Feiffer was in the Army from 1951-1953, serving stateside in a unit called the Signal Corps, ironically spending much of his time making anti-military cartoons, developing the character of Munro, a 4-year-old boy mistakenly drafted into the Army.
"I knew I was going to get killed in Korea,” he says. “If they sent me to the front, there was no way I was going to survive. I wasn't going to shoot at anybody, and I understood that someone might shoot at me."
After the Army, Feiffer went around to several publishing houses trying to get a book deal. He says editors rejected him largely because he wasn't well known.
But he noticed the editors were all reading a new paper, the Village Voice.
“I went to pick up the paper, looked at it, and thought, ÎThese guys want me to be famous. That paper is on their desk - if I can get in that paper they'll think I'm famous and they'll publish my book,’” he says.
Feiffer says the Voice gave him free rein, no small feat in 1956, when political dissent in the press could be a dangerous game.
"I would run into countless numbers of people who rather than tell me how much they liked the work, would tell me instead, ÎHow do you get this into print?’” he says. “None of my contemporaries thought they had first amendment rights."
After establishing himself as a cartoonist, Feiffer ventured into writing plays. “Little Murders” would eventually succeed in London and off-Broadway, and be made into a movie.
But its initial run in New York in 1967 failed, leading to a phone call from then Times theater critic Sam Zolotow.
"He said, ÎOK, Mr. Big Shot Cartoonist, you had your first play on and it failed - what are you going to do now?’ And I said, ÎSam, I'm going to keep bringing it back until you schmucks get it right,’” he says.
And then it was on to screenplays, writing one of the seminal movies of the early 70's, “Carnal Knowledge.” Mike Nichols was the director, and persuaded Feiffer to cast a then relatively unknown actor, Jack Nicholson.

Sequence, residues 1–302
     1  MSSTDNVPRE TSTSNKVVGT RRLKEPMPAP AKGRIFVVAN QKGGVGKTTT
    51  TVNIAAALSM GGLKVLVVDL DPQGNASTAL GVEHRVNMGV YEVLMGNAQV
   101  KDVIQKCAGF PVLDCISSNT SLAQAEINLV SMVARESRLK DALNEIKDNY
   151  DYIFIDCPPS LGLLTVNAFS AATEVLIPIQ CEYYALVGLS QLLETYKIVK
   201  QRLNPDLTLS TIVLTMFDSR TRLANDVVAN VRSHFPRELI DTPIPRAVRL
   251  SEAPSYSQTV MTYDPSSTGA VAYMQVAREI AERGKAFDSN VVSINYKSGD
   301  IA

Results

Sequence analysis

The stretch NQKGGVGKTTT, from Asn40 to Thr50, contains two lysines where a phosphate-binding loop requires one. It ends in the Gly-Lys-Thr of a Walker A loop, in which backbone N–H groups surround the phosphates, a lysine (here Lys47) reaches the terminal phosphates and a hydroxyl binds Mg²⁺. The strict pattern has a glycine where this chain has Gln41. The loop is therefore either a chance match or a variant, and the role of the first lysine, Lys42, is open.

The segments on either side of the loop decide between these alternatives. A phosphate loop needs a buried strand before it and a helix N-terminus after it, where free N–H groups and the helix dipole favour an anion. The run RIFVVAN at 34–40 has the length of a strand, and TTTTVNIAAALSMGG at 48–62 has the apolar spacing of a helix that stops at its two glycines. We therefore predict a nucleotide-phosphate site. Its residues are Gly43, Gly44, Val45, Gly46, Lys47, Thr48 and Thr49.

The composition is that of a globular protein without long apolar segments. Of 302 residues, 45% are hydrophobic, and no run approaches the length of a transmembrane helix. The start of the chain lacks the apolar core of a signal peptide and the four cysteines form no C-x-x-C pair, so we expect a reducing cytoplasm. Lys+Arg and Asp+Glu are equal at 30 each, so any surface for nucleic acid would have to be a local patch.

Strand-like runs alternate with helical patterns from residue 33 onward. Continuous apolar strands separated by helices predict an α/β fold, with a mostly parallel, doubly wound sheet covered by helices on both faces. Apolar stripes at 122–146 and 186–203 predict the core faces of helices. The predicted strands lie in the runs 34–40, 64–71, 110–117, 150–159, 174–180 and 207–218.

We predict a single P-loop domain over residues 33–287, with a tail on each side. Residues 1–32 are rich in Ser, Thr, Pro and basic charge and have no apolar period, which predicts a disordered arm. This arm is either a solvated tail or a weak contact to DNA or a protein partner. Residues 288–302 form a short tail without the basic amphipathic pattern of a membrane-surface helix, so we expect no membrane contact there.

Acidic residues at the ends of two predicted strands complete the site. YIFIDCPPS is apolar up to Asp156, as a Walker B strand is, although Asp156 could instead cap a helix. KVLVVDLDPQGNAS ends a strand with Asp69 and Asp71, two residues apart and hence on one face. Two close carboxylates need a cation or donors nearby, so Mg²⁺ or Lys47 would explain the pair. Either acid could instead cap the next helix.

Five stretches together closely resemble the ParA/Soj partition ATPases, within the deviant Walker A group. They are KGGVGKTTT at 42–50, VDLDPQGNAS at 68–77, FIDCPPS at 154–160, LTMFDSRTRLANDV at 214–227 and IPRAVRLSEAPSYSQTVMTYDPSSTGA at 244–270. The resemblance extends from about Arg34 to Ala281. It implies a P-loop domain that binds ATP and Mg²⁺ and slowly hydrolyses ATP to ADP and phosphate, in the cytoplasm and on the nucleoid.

"He suggested Nicholson, who I'd only seen in ÎEasy Rider,’ to play the lead, and he seemed entirely wrong to play the part, and I argued against it,” he says. “And Mike said, ÎTrust me, he's going to be our most important actor since [Marlon] Brando.’ And this is on the basis of that one role. And he was absolutely right, of course.”
Feiffer wrote several more plays and screenplays, and in the 90's started creating a string of well received children's books. But he is still chiefly remembered as a political cartoonist, a man of his time.
“Had I come of age in anything other than the Cold War years I would have had a very different slant on things, and a very different career,” he says.
He is also remembered as a lifelong New Yorker, a man of his city.
“Abrasion is the essence of how we live, and also I think abrasion is essentially the essence of what keeps my life and my work vital," he says.
If Feiffer worked in a bucolic, rural setting, with lots of wide open space, what does he think his work would have looked like?
“I probably would have been a right wing cartoonist with a lot more money," he says.
Feiffer is married to the writer Jenny Allan. Their daughter Halley is a college student and actress who recently appeared in the film "The Squid and the Whale."
They have a younger daughter, and Feiffer has a grown daughter Kate who is also a writer. At 77, it's still a full and busy life, and there are plenty more characters to draw and books to write.
“There's no downside to this other than the fact that you’ve got to get up in the morning and do it,” he says. “And there's never been a time in my life when as much pleasure as it is I'd rather not do it. Then you talk yourself into it and you're having a ball."
- Budd Mishkin
|ONE ON 1 EXTRA|